How do you capture that sense of life that you’re talking about, where multiple things happen at the same time, on the level of the edit? Time moves so interestingly in your films, especially in this one, where the cuts and transitions really give a sense of how different parts of life collide with each other. There’s no start and stop; you’re living multiple things simultaneously. My father’s favorite aphorism his whole life has been: “this too shall pass.”
Oh, wow, I should remember this. I’ll write it down. I like it so much. Who is it from?
It’s a famous aphorism, I’m not sure where it’s originally from.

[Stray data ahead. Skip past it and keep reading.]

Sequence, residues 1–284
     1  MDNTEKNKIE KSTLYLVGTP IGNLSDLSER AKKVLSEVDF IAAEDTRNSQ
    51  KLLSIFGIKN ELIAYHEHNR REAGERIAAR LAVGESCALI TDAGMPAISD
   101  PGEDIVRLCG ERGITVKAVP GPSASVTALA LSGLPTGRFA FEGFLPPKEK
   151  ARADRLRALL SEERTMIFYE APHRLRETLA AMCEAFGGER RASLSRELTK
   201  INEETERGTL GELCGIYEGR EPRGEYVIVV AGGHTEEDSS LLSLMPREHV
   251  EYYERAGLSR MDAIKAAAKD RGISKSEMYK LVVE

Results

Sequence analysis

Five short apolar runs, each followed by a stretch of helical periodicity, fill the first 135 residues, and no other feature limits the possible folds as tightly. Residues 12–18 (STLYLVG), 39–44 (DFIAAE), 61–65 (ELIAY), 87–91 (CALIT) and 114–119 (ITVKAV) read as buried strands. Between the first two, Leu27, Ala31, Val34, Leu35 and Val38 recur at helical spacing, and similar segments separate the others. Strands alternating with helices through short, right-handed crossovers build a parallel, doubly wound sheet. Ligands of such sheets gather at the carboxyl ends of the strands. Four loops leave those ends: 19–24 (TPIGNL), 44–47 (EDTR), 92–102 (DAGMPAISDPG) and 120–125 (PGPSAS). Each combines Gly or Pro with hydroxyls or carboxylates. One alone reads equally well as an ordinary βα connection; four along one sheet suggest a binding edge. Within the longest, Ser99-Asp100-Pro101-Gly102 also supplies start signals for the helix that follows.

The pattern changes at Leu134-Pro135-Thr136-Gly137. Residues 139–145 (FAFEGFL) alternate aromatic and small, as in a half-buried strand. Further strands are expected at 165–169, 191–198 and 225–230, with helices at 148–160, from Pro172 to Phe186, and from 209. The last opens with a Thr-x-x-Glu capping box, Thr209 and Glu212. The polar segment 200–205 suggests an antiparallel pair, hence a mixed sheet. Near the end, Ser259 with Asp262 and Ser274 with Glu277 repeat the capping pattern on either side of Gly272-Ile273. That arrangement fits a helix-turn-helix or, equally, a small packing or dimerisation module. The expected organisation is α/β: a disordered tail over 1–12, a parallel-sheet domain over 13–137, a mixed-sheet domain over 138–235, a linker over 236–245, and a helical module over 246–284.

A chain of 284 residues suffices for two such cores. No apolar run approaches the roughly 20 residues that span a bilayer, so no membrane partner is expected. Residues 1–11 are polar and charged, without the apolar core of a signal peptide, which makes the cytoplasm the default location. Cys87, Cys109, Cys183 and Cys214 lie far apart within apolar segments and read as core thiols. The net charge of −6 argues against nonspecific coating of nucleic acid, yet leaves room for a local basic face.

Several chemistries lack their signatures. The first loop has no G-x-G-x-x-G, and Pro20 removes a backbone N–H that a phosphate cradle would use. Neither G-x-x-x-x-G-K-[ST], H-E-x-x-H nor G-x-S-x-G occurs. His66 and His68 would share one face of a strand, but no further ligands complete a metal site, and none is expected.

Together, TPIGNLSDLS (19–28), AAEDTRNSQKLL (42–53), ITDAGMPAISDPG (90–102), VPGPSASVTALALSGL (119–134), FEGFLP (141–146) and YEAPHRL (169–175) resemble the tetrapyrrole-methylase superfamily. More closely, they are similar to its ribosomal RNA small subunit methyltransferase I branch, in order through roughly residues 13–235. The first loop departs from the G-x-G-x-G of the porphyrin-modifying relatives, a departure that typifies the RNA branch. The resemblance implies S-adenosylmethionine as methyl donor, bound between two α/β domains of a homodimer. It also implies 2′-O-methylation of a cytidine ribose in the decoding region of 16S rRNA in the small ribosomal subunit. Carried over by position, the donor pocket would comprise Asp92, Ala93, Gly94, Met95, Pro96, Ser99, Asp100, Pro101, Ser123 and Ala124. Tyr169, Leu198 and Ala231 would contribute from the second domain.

Interpreter: It was my German mother-in-law’s favorite, too.
It’s this idea that time takes everything away, the good and the bad. That’s the sense I was getting from the film, from its rhythm.
The way that I edited this film is in continuity with my philosophy that corresponds to all my films. I’m trying to explain in my cinema that this is how life is. This is something my editor [Marion Monnier] and I pay great attention to. We always like the idea that the spectator feels that when a scene begins, it’s already underway. It’s begun before [it appears on screen], and we end the scene before it’s actually ended. You get this sense that the scene goes on without you. It gives the film a sense of movement. It reminds me of Truffaut’s quote [in Day for Night] about cinema being “like trains in the night.” This also informs the way I write the script, and the editing is a continuation of this way of writing cinema.